During his college career, Jennings set numerous school records and became known for his lightning-fast speed, quickness, and ability to create scoring opportunities for himself and his teammates. He finished his college career with 2,474 points and 799 assists, both of which remain ETSU records to this day.
After graduating from college, Jennings played professionally in Europe and Asia, earning multiple MVP awards and championships. He was also a member of the Golden State Warriors from 1992-1995.
Today, Jennings is considered a legend at East Tennessee State University, and his impact on the school's basketball program is still felt to this day. He remains one of the most beloved and celebrated players in school history, and his legacy as a pioneering figure in the sport of basketball lives on.
4. Greg Grant - 5'7"
Greg Grant is best known for his time as a point guard in the NBA in the late 1980s and early 1990s. Grant was known for his quickness, ball-handling skills, and ability to score in transition.
Grant was born on August 4, 1966, in Trenton, New Jersey, and attended Trenton Central High School before playing collegiately at the University of Utah. He was not highly recruited out of high school, but he quickly made a name for himself at Utah, where he led the team in scoring and assists in both his junior and senior seasons.
After going undrafted in the 1989 NBA Draft, Grant signed as a free agent with the Phoenix Suns. He spent his rookie season primarily as a backup point guard, averaging 4.2 points and 2.5 assists per game. Grant then played for several other teams over the course of his NBA career, including the New York Knicks, Miami Heat, and Philadelphia 76ers.
Grant's best season came in 1991-92, when he played for the Knicks and averaged a career-high 9.1 points and 4.6 assists per game. He also set a Knicks single-game record with 20 assists in a game against the Miami Heat.
After his NBA career, Grant continued to play professionally in Europe and Asia before retiring in 2004. He later worked as an assistant coach for several NBA G League teams and college programs.
Today, Grant is remembered as a skilled and tenacious player who made the most of his relatively small stature. His impact on the sport of basketball, both as a player and coach, is still felt today.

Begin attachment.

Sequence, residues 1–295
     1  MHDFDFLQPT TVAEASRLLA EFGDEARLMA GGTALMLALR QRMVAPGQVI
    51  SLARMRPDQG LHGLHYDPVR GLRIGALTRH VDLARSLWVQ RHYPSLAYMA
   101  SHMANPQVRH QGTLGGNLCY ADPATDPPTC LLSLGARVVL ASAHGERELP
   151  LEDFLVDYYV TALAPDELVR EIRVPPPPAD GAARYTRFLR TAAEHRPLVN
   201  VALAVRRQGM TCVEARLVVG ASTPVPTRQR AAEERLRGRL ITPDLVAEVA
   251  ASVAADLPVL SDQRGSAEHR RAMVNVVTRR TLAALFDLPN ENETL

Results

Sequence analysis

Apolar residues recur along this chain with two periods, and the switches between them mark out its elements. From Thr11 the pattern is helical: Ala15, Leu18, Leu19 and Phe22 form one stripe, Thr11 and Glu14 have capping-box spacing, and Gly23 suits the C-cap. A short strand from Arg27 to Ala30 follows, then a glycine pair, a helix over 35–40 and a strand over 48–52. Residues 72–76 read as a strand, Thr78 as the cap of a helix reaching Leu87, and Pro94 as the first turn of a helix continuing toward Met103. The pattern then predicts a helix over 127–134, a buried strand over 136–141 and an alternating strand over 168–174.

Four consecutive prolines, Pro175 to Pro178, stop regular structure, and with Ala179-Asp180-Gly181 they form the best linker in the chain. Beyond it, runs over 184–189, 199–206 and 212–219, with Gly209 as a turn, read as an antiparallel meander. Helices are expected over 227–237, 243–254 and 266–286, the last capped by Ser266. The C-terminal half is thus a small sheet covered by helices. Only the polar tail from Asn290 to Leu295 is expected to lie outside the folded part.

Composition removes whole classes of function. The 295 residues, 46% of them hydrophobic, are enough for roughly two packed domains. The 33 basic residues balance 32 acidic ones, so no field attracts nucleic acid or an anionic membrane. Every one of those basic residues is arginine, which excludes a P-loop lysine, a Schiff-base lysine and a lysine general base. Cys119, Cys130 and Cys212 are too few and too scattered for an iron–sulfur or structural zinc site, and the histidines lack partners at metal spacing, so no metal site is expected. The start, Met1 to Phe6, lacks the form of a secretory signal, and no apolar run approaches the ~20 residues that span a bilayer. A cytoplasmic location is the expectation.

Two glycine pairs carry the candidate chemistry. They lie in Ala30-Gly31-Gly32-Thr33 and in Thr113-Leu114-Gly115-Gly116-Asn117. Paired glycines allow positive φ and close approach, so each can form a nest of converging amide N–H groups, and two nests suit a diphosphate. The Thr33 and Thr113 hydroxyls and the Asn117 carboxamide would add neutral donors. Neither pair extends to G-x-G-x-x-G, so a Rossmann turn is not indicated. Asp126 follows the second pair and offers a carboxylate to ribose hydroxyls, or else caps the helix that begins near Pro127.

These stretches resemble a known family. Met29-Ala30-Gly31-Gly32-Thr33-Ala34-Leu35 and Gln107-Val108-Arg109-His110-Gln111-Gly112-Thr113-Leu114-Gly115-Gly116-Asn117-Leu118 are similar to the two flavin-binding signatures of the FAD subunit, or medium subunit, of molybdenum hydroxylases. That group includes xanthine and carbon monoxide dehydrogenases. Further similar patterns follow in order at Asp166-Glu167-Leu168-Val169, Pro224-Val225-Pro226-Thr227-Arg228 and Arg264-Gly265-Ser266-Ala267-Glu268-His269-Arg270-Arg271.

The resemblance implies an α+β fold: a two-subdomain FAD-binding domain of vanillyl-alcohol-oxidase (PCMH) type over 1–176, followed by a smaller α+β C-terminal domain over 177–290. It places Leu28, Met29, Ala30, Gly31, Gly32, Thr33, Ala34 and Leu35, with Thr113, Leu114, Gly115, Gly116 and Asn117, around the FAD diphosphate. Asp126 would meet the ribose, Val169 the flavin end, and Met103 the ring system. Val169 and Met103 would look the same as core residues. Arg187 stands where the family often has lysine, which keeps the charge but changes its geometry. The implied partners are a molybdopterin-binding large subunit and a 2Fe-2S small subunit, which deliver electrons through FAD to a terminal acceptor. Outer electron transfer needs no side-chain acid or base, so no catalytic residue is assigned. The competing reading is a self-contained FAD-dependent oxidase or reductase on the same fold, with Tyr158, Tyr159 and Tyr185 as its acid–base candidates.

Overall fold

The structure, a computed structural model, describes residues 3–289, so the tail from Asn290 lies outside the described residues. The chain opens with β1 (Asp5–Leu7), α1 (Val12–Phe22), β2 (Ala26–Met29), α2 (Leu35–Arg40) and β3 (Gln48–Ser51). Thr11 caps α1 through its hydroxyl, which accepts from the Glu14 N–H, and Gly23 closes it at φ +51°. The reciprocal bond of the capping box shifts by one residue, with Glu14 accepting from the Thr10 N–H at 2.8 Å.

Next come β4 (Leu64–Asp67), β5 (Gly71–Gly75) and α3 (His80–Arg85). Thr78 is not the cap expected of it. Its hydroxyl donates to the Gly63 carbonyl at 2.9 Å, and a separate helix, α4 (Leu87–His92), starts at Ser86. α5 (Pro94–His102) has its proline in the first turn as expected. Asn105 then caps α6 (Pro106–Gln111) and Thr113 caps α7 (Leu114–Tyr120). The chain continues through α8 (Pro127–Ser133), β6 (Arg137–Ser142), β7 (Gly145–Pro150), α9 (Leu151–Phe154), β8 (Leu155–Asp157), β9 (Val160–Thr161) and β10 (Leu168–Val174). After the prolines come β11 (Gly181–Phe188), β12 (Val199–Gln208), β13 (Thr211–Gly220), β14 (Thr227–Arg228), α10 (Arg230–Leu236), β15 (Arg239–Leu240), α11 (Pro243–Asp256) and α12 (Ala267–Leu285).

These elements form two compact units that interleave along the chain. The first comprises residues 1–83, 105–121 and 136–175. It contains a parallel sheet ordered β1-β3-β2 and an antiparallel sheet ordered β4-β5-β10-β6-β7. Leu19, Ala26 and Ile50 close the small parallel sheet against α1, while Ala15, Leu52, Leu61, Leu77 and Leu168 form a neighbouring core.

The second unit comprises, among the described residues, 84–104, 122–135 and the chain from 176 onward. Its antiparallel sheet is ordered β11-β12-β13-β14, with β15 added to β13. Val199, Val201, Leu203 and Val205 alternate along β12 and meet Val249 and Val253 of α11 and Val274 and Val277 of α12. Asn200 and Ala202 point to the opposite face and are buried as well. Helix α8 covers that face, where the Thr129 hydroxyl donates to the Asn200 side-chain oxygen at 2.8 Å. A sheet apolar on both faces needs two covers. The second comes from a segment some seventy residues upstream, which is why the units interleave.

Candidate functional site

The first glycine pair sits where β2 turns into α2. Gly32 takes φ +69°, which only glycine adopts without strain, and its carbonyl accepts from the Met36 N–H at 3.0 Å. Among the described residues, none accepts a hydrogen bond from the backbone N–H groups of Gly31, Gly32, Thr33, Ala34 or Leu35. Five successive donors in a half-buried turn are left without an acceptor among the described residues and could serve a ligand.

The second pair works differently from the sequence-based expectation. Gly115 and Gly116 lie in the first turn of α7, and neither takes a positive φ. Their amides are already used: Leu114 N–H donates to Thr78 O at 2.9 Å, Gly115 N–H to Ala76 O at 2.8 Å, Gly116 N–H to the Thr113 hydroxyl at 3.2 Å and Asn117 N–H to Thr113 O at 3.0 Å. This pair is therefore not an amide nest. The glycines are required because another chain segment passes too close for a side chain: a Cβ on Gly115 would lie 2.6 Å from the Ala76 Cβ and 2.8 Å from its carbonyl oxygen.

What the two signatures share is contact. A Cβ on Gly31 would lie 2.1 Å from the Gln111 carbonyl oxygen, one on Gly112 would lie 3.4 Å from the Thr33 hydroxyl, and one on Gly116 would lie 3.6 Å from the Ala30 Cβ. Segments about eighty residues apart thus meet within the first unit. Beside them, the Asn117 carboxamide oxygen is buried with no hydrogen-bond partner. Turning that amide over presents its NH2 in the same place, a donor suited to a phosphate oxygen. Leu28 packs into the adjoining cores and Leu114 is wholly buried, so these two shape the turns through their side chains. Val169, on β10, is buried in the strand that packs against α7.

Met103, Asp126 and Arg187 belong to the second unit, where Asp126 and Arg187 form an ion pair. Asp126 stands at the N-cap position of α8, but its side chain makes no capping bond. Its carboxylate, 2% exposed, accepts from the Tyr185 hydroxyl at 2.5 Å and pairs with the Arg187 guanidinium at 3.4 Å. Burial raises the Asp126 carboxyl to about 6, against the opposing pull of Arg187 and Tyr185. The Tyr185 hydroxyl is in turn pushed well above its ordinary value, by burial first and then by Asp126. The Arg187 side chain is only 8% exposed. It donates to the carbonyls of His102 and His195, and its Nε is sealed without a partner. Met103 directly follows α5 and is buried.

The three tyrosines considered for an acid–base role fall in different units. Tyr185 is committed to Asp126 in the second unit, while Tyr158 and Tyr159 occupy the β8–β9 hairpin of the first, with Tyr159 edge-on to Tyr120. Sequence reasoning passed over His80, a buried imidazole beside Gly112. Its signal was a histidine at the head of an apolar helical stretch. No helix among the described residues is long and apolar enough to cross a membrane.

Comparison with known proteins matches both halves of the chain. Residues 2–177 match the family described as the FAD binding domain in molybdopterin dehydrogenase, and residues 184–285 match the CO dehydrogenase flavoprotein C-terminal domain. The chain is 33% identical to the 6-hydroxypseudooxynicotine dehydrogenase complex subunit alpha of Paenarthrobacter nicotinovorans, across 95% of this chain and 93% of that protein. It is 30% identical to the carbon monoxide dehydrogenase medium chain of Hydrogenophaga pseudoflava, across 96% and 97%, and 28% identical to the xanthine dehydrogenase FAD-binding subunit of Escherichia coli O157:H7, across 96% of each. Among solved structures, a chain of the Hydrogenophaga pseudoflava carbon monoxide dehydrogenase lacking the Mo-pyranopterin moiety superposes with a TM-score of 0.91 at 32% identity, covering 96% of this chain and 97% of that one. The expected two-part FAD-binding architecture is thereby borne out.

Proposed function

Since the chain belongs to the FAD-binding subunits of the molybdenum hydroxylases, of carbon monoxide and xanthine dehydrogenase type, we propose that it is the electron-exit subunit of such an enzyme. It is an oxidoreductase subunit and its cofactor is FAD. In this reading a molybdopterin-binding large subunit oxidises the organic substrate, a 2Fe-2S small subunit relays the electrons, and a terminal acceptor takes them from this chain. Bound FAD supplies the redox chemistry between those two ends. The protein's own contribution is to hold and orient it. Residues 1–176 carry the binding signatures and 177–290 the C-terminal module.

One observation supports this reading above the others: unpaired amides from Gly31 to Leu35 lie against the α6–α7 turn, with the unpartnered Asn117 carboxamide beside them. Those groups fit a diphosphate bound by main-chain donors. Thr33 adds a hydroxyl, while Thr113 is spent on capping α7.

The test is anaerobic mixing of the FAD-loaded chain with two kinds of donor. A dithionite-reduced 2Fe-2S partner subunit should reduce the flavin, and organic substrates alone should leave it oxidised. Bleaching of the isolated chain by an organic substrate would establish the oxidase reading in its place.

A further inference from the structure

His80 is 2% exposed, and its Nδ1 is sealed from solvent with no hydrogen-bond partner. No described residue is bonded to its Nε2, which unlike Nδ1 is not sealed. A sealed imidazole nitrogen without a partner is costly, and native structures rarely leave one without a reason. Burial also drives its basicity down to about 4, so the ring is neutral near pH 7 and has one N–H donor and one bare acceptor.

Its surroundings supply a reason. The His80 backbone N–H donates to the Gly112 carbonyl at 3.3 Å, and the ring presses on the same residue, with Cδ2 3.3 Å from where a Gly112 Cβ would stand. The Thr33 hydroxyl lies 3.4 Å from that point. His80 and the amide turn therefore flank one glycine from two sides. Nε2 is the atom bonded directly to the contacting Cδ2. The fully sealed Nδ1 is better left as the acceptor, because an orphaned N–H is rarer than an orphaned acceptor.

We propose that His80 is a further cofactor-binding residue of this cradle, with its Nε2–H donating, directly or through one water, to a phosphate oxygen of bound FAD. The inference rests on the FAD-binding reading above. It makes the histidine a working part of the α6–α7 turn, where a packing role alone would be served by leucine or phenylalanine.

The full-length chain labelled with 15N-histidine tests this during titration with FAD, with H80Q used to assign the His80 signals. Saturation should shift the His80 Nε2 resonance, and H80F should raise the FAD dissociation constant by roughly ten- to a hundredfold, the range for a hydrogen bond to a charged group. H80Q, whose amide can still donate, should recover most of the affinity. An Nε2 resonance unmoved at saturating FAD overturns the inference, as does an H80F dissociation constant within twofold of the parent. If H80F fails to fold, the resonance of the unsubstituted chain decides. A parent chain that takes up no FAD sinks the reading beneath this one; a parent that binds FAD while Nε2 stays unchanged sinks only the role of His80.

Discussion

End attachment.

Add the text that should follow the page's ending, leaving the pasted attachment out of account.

4. Spud Webb - 5'7"
Spud Webb is best known for his incredible leaping ability and his surprising victory in the NBA Slam Dunk Contest in 1986. Despite standing at just 5'7" tall, Webb was a dynamic and exciting player who could play both point guard and shooting guard positions.
Webb was born on July 13, 1963, in Dallas, Texas, and attended Wilmer-Hutchins High School before playing collegiately at Midland College and North Carolina State University. Despite his small stature, he quickly made a name for himself as an explosive and athletic player who could out-jump much taller opponents.
After going undrafted in the 1985 NBA Draft, Webb signed with the Atlanta Hawks as a free agent. He quickly became a fan favorite due to his acrobatic dunks and his ability to make plays on both ends of the court. In 1986, he surprised the basketball world by winning the NBA Slam Dunk Contest, defeating several taller and more high-profile players in the process.
Webb continued to play for the Hawks for several more seasons before being traded to the Sacramento Kings in 1991. He also played for the Minnesota Timberwolves and the Orlando Magic before retiring in 1998.
After his playing career, Webb worked as a basketball coach and mentor, helping to train and develop young players. He also served as the President of Basketball Operations for the Texas Legends, a minor league team affiliated with the NBA's Dallas Mavericks.
Who is the shortest player in the NBA right now?
It's actually a tie between Dallas Mavericks guard McKinley Wright IV and Memphis's Kennedy Chandler. Both stand 5'11". Some sites also list Minnesota Timberwolves guard, Jordan McLaughlin, at 5'11". Others have him at 6'0".
It should be noted that Jacob Gilyard, who stands only 5'9", signed a two-way contract with the Memphis Grizzlies with one game remaining in the regular season. He actually played 41 minutes in that game, as Memphis rested their primary roster for the playoffs. He has been inactive in the Grizzlies' first round series against the Lakers.
Who has the smallest feet in NBA history?
Earl Boykins has the smallest feet in NBA history, size 9.5. On the opposite side of the spectrum, Tacko Fall and Shaq both wear size 22.
Who is the shortest player to dunk in an NBA game?
Spud Webb at 5'7".
Who is the shortest men's player ever in NCAA Division One?
Darnell Rogers, who played at UMBC
Which team has the smallest arena in the NBA?
The New Orleans Pelicans play at the Smoothie King Center, which seats only 16,867 fans for regular season games. The United Center, home of the Chicago Bulls, is the largest NBA arena, with a seating capacity of 20,917.
John Willkom is the author of Amazon best-selling basketball books: Walk-On Warrior and No Fear In The Arena. John is an avid reader, sports fan, and father to two incredible little girls.